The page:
Proceedings of the Senate and Documents Relative to Texas, from which the Injunction of Secrecy Has Been Removed Page: 31 of 119
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exists in some of the States of our Union; what measures she has pursued
and is pursuing for the accomplishment of those objects, or either of
them. I cannot, of course, point out to you the channels throutgh which
this information may be best acquired. It is probable tiiat much may be
learned by free communication with the Texan charge d'affaires in Lonldon.
As that country and the United States have a common interest in
the questions involved, there is every reason why their Governments
should understand each other. Much information may doubtless be obtained
from private individuals and from the published proceedings of
abolition societies. All these sources of information, however, are only
of a secondary and auxiliary character. The circumstances of the case
justify and require a direct application to Lord Aberdeen himself. The
friendly relations subsisting between the two countries give us a right to
expect that there will be no concealment on a point so nearly affecting
our interests. And it is equally due to the British Government that it
should have an opportunity to remove our well-grounded suspicions, by a
distinct disavowal of designs which are incompatible with the harmony
of the two countries, and inconsistent with the friendly feelings which they
profess towards each other.
You will therefore take an early occasion to bring this subject to the attention
of Lord Aberdeen, availing yourself not only of the views here
suggested, but of all others which may occur to your own mind as proper
to be presented and calculated to attain the object in view.
I would impress upon you the absolute necessity that you carefully observe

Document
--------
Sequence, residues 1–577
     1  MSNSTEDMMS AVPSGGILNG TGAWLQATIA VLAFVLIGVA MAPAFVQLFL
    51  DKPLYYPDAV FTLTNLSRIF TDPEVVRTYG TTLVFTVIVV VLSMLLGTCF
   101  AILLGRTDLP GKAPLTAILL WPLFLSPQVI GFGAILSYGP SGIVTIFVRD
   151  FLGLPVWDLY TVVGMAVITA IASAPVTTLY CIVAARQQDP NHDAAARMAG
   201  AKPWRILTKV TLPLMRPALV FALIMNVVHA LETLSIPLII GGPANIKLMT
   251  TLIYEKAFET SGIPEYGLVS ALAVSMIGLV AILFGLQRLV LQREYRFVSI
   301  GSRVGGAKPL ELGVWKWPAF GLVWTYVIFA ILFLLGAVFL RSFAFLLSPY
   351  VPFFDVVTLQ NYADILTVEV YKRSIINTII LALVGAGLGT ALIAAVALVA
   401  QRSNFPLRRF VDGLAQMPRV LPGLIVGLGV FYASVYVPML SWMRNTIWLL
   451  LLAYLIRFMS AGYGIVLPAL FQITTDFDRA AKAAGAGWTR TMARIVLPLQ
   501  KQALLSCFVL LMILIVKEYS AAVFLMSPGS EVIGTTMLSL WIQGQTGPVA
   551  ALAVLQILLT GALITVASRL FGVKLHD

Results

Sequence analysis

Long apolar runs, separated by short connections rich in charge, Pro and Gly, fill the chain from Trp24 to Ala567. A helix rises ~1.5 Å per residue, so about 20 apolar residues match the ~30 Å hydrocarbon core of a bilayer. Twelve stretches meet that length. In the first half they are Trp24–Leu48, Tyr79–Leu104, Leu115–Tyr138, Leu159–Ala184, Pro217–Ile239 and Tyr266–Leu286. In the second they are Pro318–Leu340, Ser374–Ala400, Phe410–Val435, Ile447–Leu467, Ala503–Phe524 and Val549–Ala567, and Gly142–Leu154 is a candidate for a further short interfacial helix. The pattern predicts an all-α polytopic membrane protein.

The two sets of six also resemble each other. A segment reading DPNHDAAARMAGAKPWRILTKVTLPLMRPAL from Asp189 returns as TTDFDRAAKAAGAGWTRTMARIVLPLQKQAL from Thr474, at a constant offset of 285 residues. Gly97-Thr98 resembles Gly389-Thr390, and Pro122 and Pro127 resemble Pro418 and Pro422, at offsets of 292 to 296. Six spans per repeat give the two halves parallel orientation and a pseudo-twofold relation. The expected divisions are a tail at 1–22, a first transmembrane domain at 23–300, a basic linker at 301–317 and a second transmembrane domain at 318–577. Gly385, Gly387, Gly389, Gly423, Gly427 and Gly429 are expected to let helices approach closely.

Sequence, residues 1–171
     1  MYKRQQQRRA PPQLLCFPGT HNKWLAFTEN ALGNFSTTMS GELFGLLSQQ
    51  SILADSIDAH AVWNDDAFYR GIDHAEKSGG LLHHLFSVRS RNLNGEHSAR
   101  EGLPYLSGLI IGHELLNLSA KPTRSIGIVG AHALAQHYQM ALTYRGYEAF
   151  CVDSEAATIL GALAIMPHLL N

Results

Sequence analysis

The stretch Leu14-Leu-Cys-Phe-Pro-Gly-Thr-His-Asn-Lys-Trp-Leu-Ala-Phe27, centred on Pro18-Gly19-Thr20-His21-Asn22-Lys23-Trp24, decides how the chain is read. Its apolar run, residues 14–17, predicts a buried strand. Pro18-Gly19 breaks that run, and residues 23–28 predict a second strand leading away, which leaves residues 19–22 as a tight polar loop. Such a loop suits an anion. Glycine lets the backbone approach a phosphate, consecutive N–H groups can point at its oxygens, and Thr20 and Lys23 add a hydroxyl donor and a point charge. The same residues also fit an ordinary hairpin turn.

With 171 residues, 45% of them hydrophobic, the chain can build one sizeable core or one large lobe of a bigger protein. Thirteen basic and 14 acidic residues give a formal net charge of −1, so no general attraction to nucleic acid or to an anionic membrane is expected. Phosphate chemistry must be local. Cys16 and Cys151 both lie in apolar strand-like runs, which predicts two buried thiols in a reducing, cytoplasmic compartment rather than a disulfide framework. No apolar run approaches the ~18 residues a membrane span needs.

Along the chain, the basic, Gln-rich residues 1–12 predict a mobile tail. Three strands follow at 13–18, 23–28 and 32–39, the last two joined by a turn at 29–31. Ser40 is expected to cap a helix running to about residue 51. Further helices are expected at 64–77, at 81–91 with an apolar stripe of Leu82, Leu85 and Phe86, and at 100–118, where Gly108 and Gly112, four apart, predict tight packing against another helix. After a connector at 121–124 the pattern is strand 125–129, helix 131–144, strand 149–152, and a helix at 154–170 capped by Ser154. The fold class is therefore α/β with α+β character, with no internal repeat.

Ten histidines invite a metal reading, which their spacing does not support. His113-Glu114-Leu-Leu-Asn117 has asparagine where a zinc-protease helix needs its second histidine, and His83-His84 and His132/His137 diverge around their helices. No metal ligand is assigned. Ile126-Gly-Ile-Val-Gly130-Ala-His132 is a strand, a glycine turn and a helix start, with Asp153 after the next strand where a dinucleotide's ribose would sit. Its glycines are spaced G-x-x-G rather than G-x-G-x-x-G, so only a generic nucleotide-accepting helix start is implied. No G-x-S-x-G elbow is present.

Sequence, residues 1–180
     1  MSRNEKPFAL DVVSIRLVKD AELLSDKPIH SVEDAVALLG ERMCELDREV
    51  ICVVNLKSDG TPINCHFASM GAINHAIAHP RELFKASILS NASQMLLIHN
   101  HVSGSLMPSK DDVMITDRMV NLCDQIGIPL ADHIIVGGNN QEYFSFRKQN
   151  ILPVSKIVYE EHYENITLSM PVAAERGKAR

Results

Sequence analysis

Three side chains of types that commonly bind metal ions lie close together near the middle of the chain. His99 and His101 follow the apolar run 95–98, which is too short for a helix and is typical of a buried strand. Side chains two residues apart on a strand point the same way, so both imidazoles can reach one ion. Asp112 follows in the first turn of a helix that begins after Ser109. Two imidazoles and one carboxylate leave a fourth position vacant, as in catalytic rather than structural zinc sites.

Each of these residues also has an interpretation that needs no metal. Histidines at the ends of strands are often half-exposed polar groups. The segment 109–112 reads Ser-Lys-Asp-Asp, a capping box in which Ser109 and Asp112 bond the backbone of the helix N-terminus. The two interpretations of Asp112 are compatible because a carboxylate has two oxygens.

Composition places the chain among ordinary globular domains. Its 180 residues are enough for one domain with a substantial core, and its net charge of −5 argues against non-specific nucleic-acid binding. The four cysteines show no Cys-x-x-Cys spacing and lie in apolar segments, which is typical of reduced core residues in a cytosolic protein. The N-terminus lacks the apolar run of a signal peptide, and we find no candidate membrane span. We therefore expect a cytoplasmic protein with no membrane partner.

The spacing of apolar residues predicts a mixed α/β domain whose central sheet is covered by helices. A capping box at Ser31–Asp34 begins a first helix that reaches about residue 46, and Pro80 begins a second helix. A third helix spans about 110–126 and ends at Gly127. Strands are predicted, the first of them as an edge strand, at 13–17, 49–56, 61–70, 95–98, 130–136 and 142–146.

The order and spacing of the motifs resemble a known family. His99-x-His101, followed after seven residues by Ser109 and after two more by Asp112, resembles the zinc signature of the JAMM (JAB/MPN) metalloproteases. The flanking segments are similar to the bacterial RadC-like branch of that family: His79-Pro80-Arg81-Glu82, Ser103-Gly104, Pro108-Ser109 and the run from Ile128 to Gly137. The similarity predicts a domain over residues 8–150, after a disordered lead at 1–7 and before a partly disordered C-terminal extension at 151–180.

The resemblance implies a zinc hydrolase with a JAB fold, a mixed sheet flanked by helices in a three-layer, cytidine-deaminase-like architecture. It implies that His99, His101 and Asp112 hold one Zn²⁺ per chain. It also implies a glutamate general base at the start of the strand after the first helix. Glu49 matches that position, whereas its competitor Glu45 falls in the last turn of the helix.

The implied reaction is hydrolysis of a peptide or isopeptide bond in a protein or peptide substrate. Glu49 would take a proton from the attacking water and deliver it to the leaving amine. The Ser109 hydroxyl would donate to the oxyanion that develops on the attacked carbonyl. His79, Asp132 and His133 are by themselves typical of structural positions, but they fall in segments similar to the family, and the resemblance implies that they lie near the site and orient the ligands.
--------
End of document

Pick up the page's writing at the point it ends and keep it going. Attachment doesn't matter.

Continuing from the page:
the proceedings of the British Government touching this important and
delicate subject, and that you spare no pains to inform yourself fully and
accurately in regard to its objects and designs. It is highly desirable that
your communications to this department should be as full and frequent as
possible, omitting nothing which it may become this Government to consider
with reference to its own measures and policy.
I am, sir, very respectfully, your obedient servant,
A. P. UPSHUR.
EDWARD EVERETT, Esq., 4$c.
Mr. ljshur to Mr. Everell.
DEPARTMENT OF STATE.
[Wsshington, September 28, 1843.
SIR: My public despatch of this date calls your attention to the subject
of the attempt which, as we have reason to think, the British Government
is now making to procure the abolition of slavery in Texas and the United
States. It did not appear to me proper to imIbody in that despatch all the
views of that subject which have been taken by this Government. In
order, however, that you may understand what degree of importance is
attached to it, I present to you, in this private and semi-official form, some
of the most important points on which we have considered it.
It is impossible to suppose that England is actuated in this matter by a
mere feeling of philanthropy. We are forced to believe that she is acting
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United States. Congress. Senate. Proceedings of the Senate and Documents Relative to Texas, from which the Injunction of Secrecy Has Been Removed, book, 1844; [Washington]. (texashistory.unt.edu/ark:/67531/metapth2363/m1/31/: accessed January 22, 2018), University of North Texas Libraries, The Portal to Texas History, texashistory.unt.edu; .